The Case-Book of Sherlock Holmes: The Illustrious Client (1991)
Well, The Illustrious Client (1991) The Case-Book of Sherlock Holmes: Season 1, Episode 5, dramatised by Robin Chapman, is not really a classic mystery to be solved by the application of brain power. Rather it’s a sad story of Sherlock Holmes (Jeremy Brett) completely failing to protect himself as he takes on a ruthless criminal who seduces women into marrying him and/or giving him money so he can collect very rare Chinese Porcelain. A wiser detective would quietly but thoroughly investigate our villain from a distance, giving no sign of his passing. This precaution would protect him from the fate that befell Le Brun, a French investigator who was beaten almost to death. But, of course, this would mean no melodrama. So not only does our hero confront the villain but, when threatened, ignores the warning and so gets beaten within an inch of his life. This is genuinely one of the few occasions when it’s legitimate to call Sherlock a complete idiot.
This is a thred-bare story from Arthur Conan Doyle and we should accept the dramatisation and the acting as making the best of a bad job. Sherlock just blunders around like the arrogant and self-important man he is and then pays the price for it. All he needed to do was talk carefully with Miss Kitty Winter, the last mistress and key witness, realise what is important, and then adopt the approach used against Irene Adler. He could then discredit the man, save the girl, receive congratulations from all concerned, and avoid serious pain.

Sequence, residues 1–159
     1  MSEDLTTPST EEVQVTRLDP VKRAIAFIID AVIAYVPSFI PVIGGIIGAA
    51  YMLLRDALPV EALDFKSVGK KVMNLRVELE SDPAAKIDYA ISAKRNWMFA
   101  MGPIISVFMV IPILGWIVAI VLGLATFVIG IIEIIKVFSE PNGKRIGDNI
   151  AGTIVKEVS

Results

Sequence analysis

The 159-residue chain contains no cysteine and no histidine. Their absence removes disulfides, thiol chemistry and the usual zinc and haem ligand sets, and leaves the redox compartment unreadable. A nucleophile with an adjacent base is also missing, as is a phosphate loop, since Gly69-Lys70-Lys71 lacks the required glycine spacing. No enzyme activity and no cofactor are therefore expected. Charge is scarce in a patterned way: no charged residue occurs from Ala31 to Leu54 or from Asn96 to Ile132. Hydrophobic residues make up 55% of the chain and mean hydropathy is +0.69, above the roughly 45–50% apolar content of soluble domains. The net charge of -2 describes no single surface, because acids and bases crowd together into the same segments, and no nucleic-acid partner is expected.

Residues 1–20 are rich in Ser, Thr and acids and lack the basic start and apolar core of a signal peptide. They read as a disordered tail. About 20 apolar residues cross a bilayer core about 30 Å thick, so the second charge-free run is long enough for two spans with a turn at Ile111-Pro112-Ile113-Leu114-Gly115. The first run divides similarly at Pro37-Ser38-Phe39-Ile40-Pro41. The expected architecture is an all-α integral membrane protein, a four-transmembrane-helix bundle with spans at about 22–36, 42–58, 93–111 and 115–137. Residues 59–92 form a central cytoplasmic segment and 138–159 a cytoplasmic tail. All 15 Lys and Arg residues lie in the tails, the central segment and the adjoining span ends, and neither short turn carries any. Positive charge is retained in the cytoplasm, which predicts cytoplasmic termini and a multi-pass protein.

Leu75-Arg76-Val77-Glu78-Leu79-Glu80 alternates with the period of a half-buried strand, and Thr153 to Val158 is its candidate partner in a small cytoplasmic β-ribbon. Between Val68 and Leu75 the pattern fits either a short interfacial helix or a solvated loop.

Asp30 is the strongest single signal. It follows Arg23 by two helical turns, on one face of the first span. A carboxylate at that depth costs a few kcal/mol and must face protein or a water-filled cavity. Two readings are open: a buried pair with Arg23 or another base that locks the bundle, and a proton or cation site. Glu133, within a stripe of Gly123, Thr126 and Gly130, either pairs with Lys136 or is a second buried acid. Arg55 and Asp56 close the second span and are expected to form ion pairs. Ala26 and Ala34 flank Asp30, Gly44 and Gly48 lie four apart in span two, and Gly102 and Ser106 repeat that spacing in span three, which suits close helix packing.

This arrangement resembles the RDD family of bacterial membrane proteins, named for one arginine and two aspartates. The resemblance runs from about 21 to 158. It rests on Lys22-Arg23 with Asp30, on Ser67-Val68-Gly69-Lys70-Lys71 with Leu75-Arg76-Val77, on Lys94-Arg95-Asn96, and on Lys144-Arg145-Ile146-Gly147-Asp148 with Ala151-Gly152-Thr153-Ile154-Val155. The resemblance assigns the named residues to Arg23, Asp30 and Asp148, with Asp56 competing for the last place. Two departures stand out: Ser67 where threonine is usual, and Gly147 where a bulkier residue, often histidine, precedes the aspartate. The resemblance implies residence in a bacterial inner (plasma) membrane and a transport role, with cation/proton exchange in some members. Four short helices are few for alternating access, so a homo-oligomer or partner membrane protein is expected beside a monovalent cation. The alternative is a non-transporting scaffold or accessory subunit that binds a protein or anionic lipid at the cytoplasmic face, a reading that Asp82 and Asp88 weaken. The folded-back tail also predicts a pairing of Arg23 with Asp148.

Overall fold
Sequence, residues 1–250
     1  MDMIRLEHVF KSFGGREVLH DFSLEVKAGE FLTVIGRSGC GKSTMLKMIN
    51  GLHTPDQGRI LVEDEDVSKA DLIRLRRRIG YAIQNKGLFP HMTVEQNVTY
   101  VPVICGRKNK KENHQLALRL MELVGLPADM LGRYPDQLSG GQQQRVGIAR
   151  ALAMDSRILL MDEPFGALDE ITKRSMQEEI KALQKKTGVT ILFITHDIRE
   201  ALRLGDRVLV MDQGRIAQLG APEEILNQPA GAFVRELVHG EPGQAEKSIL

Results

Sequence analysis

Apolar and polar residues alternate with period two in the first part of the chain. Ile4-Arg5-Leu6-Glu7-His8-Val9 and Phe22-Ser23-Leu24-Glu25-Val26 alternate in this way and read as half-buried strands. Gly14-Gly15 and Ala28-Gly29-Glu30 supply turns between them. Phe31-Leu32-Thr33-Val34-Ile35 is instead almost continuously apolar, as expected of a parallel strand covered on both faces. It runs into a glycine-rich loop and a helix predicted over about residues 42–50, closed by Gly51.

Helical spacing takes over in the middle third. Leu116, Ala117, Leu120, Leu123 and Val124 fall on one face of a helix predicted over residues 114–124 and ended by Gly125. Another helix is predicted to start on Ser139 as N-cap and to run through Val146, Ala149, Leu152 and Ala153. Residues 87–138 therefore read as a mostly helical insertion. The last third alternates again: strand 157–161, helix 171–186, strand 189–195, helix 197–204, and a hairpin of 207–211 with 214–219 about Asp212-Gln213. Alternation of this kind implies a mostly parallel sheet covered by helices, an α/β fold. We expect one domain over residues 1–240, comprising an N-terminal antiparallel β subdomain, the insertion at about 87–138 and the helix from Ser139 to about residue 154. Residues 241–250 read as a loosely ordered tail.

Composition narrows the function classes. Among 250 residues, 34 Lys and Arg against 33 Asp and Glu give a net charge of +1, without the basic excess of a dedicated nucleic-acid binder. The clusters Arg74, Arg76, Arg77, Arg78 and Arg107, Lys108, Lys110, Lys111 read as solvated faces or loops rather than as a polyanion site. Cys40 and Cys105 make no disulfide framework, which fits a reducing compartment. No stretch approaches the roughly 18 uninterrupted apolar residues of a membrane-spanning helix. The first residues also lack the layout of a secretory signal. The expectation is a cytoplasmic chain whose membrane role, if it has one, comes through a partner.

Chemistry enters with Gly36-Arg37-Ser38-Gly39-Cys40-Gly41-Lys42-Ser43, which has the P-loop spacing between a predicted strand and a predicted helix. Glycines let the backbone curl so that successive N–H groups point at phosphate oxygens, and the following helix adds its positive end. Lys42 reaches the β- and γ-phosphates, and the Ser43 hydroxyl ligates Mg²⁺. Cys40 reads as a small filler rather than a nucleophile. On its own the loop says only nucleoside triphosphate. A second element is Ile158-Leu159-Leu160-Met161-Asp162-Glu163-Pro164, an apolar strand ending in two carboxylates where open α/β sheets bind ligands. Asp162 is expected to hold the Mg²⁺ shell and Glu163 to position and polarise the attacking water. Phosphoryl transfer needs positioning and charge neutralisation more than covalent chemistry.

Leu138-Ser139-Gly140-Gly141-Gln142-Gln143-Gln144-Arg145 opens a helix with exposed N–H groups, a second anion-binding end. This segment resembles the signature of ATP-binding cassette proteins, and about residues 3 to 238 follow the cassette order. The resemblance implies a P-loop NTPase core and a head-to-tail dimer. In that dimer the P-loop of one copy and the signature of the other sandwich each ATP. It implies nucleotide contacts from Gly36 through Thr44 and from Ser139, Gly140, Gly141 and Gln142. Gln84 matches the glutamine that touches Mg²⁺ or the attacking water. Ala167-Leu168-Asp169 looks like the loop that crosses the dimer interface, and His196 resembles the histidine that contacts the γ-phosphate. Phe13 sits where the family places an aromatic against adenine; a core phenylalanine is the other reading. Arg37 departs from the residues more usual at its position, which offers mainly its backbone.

Everything stands or falls by the performance of Anthony Valentine as Baron Gruner. It actually proves to be a worthy effort. He’s given just enough to do and so demonstrates both “foreign” sophistication and a deadly side. The scene with Dr Watson (Edward Hardwicke) distracting him goes on slightly too long but is forgivable as an expert might play with an amateur just to humiliate him. As a matter of practicality, Robin Chapman as scriptwriter, does have to produce the right number of minutes on screen. Everyone else hits their marks. David Langton is the go-between, Abigail Cruttenden is suitably pigheaded as the intended victim (no real suggestion of hypnotism in the screenplay, just natural perversity). The only minor concern is Kim Thomson as Kitty Winter. In a way, she has to tread a narrow line between victim and a woman bent of revenge. Baron Gruner is supposed to be a collector of women. Miss Winter does not appear to be a very great beauty (although I’m old now and my aesthetic standards may be dropping). Neither does she sparkle with wit and intelligence. She’s just an artist’s model from the East End and I have a slight credibility problem that the Baron should have wanted to add this woman to his collection. She seems to lack the quality he would want to destroy. That said, The Illustrious Client is a fair to middling episode that trespasses too far into pure melodrama without many redeeming features to even approach a “good” standard.
For reviews of The Case-Book of Sherlock Holmes series, see:
The Boscombe Valley Mystery (1991)
The Disappearance of Lady Frances Carfax (1991)
The Problem of Thor Bridge (1991)
Shoscombe Old Place (1991)